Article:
Below is a snapshot of the national map with radar and weather fronts. Use this map to get an overall feel of migration and how weather affects nocturnal migration. The right conditions triggered a widespread migration over the night! With a tailwind, birds were flying high and far. Florida may see a flyover but we will wait and see.
Frames are every 1/2 hour. Click on the thumbnail to view the full-sized animation.
We will post an in-depth analysis of the radar soon. Birds were moving N at a rapid rate and Southern Florida will likely be passed up, birders in Central and North Florida as well as the panhandle should be on the lookout for new arrivals. Heavy migration was evident over the FL Straits and over Miami. Be back soon.
We’re back! Migration was heavy over South FL last night, most of this movement likely flew over and did not land. As the sun broke through the clouded sky some later arriving birds could have dropped out over the Greater Everglades. We would hit areas from Mahogany Hammock to Flamingo if we were off today. As we look north both Melbourne and Tamps radar stations were busy. Tampa station shows a large exodus from south of the Bay Area last night. The source of the flight seems to be either Sarasota or Manatee County or both. A new group of birds were flying NNW as a band of storms slid in from the west. Birders in the following counties (Pasco, Hillsborough, Manatee, Sarasota, and maybe a bit inland in Desoto, Hardee and Polk counties) may want to go check and see if birds suspended migration due to the rain.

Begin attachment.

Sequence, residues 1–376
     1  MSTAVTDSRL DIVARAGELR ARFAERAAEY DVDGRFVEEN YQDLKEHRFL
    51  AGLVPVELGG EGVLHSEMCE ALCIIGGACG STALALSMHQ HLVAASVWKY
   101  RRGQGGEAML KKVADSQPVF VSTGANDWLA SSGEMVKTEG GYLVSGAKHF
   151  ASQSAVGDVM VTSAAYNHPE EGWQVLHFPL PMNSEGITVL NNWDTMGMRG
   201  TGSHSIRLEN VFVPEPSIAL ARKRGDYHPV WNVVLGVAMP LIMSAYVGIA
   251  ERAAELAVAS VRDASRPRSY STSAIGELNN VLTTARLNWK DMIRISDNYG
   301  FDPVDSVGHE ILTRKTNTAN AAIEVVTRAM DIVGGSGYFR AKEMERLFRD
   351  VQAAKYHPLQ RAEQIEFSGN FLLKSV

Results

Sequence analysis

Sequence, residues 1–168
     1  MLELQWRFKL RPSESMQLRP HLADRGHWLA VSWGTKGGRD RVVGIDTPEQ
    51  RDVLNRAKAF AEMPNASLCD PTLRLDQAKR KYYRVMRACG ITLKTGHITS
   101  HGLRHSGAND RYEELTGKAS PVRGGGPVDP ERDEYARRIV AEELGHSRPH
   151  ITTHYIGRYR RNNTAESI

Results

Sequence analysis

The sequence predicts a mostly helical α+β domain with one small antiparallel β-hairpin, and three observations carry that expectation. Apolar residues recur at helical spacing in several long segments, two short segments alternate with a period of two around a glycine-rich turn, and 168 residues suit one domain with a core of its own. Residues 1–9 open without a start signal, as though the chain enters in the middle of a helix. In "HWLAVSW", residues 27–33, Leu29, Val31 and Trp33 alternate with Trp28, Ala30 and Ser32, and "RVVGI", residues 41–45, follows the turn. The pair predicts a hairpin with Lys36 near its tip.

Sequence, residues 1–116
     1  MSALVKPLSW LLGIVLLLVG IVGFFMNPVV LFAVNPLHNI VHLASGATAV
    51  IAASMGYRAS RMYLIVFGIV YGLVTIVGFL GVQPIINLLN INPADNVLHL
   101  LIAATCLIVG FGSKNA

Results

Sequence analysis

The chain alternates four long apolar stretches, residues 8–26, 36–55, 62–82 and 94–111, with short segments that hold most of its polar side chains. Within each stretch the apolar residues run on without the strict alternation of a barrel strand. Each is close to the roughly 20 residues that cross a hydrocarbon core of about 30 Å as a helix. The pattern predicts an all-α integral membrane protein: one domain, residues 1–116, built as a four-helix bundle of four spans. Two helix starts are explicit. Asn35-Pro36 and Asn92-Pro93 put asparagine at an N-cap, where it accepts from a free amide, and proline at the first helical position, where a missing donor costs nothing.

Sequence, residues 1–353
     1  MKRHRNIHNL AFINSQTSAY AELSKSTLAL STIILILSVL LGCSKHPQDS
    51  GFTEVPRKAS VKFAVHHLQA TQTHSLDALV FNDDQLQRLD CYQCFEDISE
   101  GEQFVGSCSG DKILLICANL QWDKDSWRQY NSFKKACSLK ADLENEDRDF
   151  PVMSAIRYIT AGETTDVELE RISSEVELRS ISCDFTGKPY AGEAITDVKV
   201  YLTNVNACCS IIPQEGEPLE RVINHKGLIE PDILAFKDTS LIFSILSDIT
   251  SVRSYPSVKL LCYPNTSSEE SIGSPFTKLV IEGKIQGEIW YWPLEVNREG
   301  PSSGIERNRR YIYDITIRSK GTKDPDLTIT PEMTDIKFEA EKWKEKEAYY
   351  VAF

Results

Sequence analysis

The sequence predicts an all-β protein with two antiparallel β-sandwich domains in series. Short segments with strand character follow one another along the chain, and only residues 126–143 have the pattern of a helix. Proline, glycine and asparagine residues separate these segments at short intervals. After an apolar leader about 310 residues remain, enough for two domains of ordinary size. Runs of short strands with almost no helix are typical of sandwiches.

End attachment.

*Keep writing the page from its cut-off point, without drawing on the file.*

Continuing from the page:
Melbourne radar recorded lots of showers overhead into the morning hours, birds that were moving up the coast may have also dropped out over coastal migrant traps. Looking at the velocity radar tells us that birds were moving NNW over Miami during the night. A few hours before daylight birds started to fly a more NNE direction and to the east of Lake O’, birders from Palm Beach to Merritt Island could see some new arrivals, especially where it rained between 3-6AM. Get out there and bird, let us know what you are seeing.
As always Badbirdz depends on its readers to help us understand the magic of bird migration. We ask our readers to take a minute to email us at email@example.com, post a comment on the site or share what you are seeing on our Facebook page. As a whole the Florida birding community is large and enthusiastic about bird migration, lets join together this year to make Badbirdz an integral part of every birders toolbox. Together we can track and monitor birds and learn more about this phenomenon called MIGRATION!
Nature is Awesome,
Angel and Mariel